The large chains, he said, are welcome anywhere else in the City. “We’re just asking that on 10 blocks we can preserve the unique historic nature.” He noted the support of the Miami Design Preservation League. “They asked that we adopt this ordinance to make sure we maintain the same character so that we don’t turn Ocean Drive into Bayside or any suburban mall. I understand you’re a very effective advocate for your client and that’s what you’re doing but we have a different responsibility here which is to protect the overall economic value of not just Ocean Drive but the Miami Beach brand. If tourists cease to come to Ocean Drive because it’s like anyplace they can go back home, our economy suffers. What we’re trying to do is do something reasonable that allows your client to continue to make money, but allows us to maintain the unique character and historic nature of Ocean Drive.” Arriola said he was in favor of a lower threshold but that he’d settle for a compromise of 100. Levine said he’d “go to 50” before Rosen Gonzalez said, “I’m a no.”
Citing Bass’ argument about the vote to roll back the operational hours and the restrictions in the proposed ordinance, she said, “I feel like it’s an attack and an assault on Ocean Drive … I look at it as you’re going to shut this street down completely and stop redevelopment … It really is an economic engine, kind of like the Colosseum in Rome and the Eiffel Tower in Paris, it draws tremendous amounts of people … I don’t think you’re going to see a bunch of McDonalds and Burger Kings and CVS’ go to Ocean Drive. It’s just too expensive. Why should we stop the redevelopment? I’m a solid no on this.”
Levine asked, “If you feel that they’re not coming, then why are you concerned to limit them?”
“I think right now we’re experiencing a renaissance of its own,” she responded. “I think that we’re seeing properties are being bought up. They’re being renovated. We’re going to see a better quality of hotel stock. I think it’s happening on its own. I don’t think we have to punish people further.”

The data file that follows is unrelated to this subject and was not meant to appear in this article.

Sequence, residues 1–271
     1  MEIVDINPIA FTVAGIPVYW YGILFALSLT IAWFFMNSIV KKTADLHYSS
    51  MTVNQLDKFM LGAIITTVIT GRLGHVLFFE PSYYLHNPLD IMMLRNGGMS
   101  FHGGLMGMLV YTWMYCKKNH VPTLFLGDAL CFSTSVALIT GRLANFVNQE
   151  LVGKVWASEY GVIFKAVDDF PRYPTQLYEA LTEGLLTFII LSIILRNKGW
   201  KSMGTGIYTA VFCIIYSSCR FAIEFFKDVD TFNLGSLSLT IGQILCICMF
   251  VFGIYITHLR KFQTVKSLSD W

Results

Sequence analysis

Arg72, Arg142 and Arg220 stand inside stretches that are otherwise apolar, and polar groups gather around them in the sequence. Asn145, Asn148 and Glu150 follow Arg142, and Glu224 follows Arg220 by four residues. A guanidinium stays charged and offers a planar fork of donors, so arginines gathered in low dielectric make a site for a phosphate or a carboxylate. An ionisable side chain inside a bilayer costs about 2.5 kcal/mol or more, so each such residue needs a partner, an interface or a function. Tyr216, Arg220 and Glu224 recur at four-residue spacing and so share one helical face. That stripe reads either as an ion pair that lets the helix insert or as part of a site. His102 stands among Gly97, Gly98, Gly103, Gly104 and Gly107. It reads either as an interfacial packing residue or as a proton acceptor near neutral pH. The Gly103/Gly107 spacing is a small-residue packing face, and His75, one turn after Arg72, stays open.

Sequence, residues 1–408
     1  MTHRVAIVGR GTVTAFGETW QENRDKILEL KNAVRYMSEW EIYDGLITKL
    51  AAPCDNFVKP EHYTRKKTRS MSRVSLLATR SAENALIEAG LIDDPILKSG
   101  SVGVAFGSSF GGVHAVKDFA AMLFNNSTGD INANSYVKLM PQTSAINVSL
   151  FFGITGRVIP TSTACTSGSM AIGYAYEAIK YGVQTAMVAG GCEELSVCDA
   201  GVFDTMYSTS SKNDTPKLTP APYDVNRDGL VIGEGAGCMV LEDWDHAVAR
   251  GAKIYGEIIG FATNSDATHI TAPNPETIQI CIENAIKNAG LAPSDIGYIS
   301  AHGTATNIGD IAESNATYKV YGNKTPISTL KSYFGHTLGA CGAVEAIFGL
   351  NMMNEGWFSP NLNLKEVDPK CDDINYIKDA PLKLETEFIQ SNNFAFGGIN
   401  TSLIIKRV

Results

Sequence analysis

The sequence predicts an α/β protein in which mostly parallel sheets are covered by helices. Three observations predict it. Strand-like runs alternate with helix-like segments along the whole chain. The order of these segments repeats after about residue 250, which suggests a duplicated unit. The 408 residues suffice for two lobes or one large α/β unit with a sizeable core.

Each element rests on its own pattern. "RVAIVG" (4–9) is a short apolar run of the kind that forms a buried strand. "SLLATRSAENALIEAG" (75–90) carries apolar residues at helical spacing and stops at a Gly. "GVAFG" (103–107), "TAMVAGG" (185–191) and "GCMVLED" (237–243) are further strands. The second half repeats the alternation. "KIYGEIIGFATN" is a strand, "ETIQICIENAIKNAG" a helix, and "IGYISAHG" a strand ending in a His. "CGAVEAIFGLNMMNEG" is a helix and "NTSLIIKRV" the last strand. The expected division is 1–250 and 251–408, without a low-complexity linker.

Levine pressed, “You’re okay if you have franchises all up and down Ocean Drive?
“I don’t think you’re going to see franchises up and down Ocean Drive,” she said. “I looked at the report… it outlines all the factors why it’s difficult to open up on Ocean Drive. They’re not there now but they could be there now” and they’re not she said.
Levine was incredulous. “You’re okay with the risk of them coming?”
“You have some establishments right now that are not chains that are not great operators either and I think that there are some chains that might be better operators ... I just don’t see why we have to do this right now,” she said.
Arriola responded, “I just find it fascinating and curious. I’ve heard Commissioner Rosen Gonzalez complain publicly about the proliferation of chain restaurants and retailers on Lincoln Road and a particular comment she made about Marshalls opening there and now she’s like welcoming formula retail and formula restaurants on Ocean Drive so I find the argument inconsistent.” As to the potential of an earlier closing time, “that it’s going to be a death blow to Ocean Drive and to the restaurants there,” he said, “In effect, Sunset Harbour and South of Fifth are essentially 2 am closures with a few exceptions and the restaurants there do fabulous. In fact two of the top ten restaurants, Joe’s [Stone Crab] and Prime 112, are South of Fifth. So the 2 am is not going to affect the better restaurants, that’s for sure.”